Tuesday, April 22, 2008

Lost Loon Lake, Canada

Canadians are used to Americans skewed view of their country. We in the States think the whole of the North is frozen tundra and mountain peak, criss-crossed by snowmobile trails and populated by far-flung Eskimos. When a cold win blows in we invariable call it a Canadian Cold front as if the country itself were responsible for our frozen misery.

So it was with bemused curiosity that I spent three months working in Ottawa this summer--an expatriate American set free in the land of onerous taxation, de facto criminalization of tobacco, and transfer payments to fisherman who dont fish and Indians who dont pay taxes. Here were Kentucky Fried Chicken that dot the American landscape but missing were the mashed potatoes and corn-on-the-cob replaced with french fries. But even that familiar food was coupled with an unfamiliar condiment: vinegar or gravy. Where is the ketchup And where was Colonel Sanders name on the marquee It was crossed out and painted over with the omnipresent label Tim Horton. Who is this powerful businessman who has managed to tack his name even onto Wendys restaurant

Weather was a constant preoccupation. Waking up to go to work each day I wondered whether 28 degrees Celsius was cold and what was meant by the humidex. Down South we measure our winter misery with the wind chill factor. Up North where it is cold, a balmy 80 degree Fahrenheit day is cast in the angst of something called the humidex. And what exactly is this French word kilopascal When I first arrived in Canada it rained buckets full of rain every day. This is when I learned that in Canada all the roofs leak. This is true: the office where I worked was adorned with trash cans strategically placed to catch the falling rain as it leaked in doors. And even the international airports roof leaked water. No one paid any attention to this as if it as perfectly normal. It must be that these roofs leak because of the weight of the winter snow warps their otherwise level fa硤e.

And then there is the political debate which adorns the newspapers. While Americans ponder such mundane matters as whether to sack Iraq and make capitalization of operating expenses a crime, the Canadian political elite use the Code Napoleon to reason whether men should be allowed to marry other men and whether the minister of Justice should be allowed to roll a joint.

During my sojourn here in the frozen North where it was a hot 80+ degrees Farenheit on most days I felt like Baron Rothchild for my American dollar could buy a $30 hair cut at the fanciest salon for a mere $30 x $0.65 equals roughly a mere $18. This was cheap. But the girl who cut my hair was so pretty that I tossed away my profits and my lunch money by giving her a $10 tip. A massage at a spa cost only $30US for one hour. My $179CA hotel room looked cheap on my American expense report to my employer yet it came with Champagne and fresh Orchids and a dazzling Latin beauty who served my petit dejueuner. I was surprised that even McDonalds would take greenbacks. Can you imagine trying to spend a Loonie or Twonnie in backwater Mississippi What is it with all this metal money rattling around in Canadian pockets We Yankeesdont call me that pejorative because I hail from the Deep South and descend from Civil War veteranscast such coins aside but here in Canada they hold real value.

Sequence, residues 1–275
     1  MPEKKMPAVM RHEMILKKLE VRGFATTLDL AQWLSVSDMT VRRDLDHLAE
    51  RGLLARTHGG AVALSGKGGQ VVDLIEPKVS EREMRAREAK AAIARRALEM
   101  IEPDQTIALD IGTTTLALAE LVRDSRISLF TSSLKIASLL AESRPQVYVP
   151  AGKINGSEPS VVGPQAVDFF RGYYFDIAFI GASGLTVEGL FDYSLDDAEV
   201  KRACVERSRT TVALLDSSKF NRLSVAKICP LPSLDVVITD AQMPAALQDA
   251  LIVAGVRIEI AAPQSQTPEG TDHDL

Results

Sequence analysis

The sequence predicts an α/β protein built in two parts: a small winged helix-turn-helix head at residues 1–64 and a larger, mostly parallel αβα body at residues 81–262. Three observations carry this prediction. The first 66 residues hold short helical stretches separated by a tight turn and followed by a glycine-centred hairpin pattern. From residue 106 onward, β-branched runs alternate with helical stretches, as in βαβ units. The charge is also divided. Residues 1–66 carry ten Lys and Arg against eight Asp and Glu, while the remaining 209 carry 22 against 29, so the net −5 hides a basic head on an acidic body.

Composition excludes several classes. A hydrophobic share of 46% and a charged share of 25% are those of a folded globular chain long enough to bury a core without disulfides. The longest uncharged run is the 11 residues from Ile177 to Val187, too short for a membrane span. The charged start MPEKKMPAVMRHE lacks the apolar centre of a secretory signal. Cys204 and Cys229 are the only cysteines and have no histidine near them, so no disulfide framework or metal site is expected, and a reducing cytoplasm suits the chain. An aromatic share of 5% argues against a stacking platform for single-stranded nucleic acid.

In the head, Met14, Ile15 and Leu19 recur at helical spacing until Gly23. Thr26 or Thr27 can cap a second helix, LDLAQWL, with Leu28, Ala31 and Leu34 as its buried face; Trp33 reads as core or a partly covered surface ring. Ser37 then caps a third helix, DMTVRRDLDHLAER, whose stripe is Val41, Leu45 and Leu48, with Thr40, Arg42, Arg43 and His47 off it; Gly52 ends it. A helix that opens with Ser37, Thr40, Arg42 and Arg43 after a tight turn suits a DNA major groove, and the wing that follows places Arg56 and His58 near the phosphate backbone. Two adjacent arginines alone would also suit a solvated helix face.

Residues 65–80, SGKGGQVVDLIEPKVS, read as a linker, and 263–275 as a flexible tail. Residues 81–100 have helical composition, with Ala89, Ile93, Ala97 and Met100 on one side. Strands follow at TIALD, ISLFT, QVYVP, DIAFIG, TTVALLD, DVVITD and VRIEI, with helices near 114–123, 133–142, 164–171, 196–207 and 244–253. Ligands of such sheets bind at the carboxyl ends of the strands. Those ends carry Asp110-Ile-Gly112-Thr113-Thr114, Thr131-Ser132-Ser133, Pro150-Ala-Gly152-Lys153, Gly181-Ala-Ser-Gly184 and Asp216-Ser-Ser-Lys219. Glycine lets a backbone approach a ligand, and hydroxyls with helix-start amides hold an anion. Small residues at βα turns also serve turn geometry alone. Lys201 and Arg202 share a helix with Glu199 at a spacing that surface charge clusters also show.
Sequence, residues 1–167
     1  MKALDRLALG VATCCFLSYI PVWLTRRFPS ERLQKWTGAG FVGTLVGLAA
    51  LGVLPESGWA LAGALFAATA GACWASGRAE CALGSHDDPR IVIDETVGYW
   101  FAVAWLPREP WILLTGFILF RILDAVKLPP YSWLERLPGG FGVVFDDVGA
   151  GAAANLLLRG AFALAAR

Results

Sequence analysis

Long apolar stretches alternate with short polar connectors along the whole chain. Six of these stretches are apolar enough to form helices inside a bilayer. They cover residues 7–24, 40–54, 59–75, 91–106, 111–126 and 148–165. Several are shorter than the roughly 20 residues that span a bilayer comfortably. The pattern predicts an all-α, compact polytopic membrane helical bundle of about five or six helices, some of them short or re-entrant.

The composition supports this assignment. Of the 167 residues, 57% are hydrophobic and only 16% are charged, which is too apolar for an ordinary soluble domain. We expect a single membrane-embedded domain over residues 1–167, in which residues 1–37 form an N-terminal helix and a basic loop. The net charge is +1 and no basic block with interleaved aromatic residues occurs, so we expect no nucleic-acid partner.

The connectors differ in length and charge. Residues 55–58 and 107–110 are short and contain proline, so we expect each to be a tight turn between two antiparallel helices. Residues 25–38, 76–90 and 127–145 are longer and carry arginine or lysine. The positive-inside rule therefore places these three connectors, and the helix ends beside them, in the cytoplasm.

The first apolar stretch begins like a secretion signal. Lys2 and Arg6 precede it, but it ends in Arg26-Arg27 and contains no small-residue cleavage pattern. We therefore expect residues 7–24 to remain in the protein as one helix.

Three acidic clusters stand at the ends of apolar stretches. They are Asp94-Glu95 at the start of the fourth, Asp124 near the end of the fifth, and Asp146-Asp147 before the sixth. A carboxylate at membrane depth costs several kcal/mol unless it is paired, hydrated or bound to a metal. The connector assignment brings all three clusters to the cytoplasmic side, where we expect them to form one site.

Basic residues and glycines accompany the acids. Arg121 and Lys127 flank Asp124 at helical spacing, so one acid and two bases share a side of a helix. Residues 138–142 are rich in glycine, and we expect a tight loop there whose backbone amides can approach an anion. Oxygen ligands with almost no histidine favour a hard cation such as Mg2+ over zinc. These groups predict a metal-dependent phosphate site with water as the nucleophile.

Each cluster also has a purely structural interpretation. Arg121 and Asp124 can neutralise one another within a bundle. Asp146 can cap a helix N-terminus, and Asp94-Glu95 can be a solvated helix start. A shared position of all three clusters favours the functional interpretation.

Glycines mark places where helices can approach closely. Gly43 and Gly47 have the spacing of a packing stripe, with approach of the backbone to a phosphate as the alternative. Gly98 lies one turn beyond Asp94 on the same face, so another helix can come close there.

More in keeping with my American-centric view of out vast neighbor to the North was the weekend I spent near Algonquin Park with a fair maiden I plucked from the bars in Ottawas Market area. This area is several dozen blocks of eye-pleasing bouncing bosoms and shapely female legs easily approached under the courage of alcohol. My new girlfriend and I traveled by land over something called a portage (no doubt from the French verb meaning to carry) and then canoed across not one but two lakes where her father had a 99 year lease on what the Canadians call Crownsland. For four wonderful days we ran naked through the wilderness bothered by no one save a porcupine who chewed on our cabin and menacing Ravens that flew over head. I caught a 3 pound small mouth bass while I listened to the mournful sound of loons. I understand the government no longer lets the citizenry rent such empty land and build cabins there. This is too bad because there are so many lakes in Canada that each person should be entitled to one or even two. Besides what better way to use the Crownland than making love outdoors. (Our American Constitution forbids the peerage system so we feel compelled to mock royalty.)

One of my favorite friends I made while in Canada was the prototypical wilderness man. He was dark like a native but sported a thoroughly Southern Sigma Nu fraternity tatoo. He was huge like a logger or hunter and smoked these strange cigarettes decorated with lungs, livers, and threats against the health. I jokingly called him Nanuck of the North and said he had lived further North than the Inuit. This was almost true for he hailed from the far reaches of French speaking Northern Ontario and once lived in YellowKnife where the sun did not set until 11:00 PM.

It is now time for me to fly home now on the insolvent, legally-sanctioned-monopoly Air Canada airline with a suitcase full of duty free goods so I can avoid the provincial tax. I think I will report back to our American traffic planners that we can fix our problems with gridlocked streets by setting aside bus lanes in traffic like they do in Ottawa. I will look back on my months in Canada with a whimsical fondness. Already I am sweating and its only a mere 35 degrees Celsius here in Virginia. Isnt that just a tad above freezing

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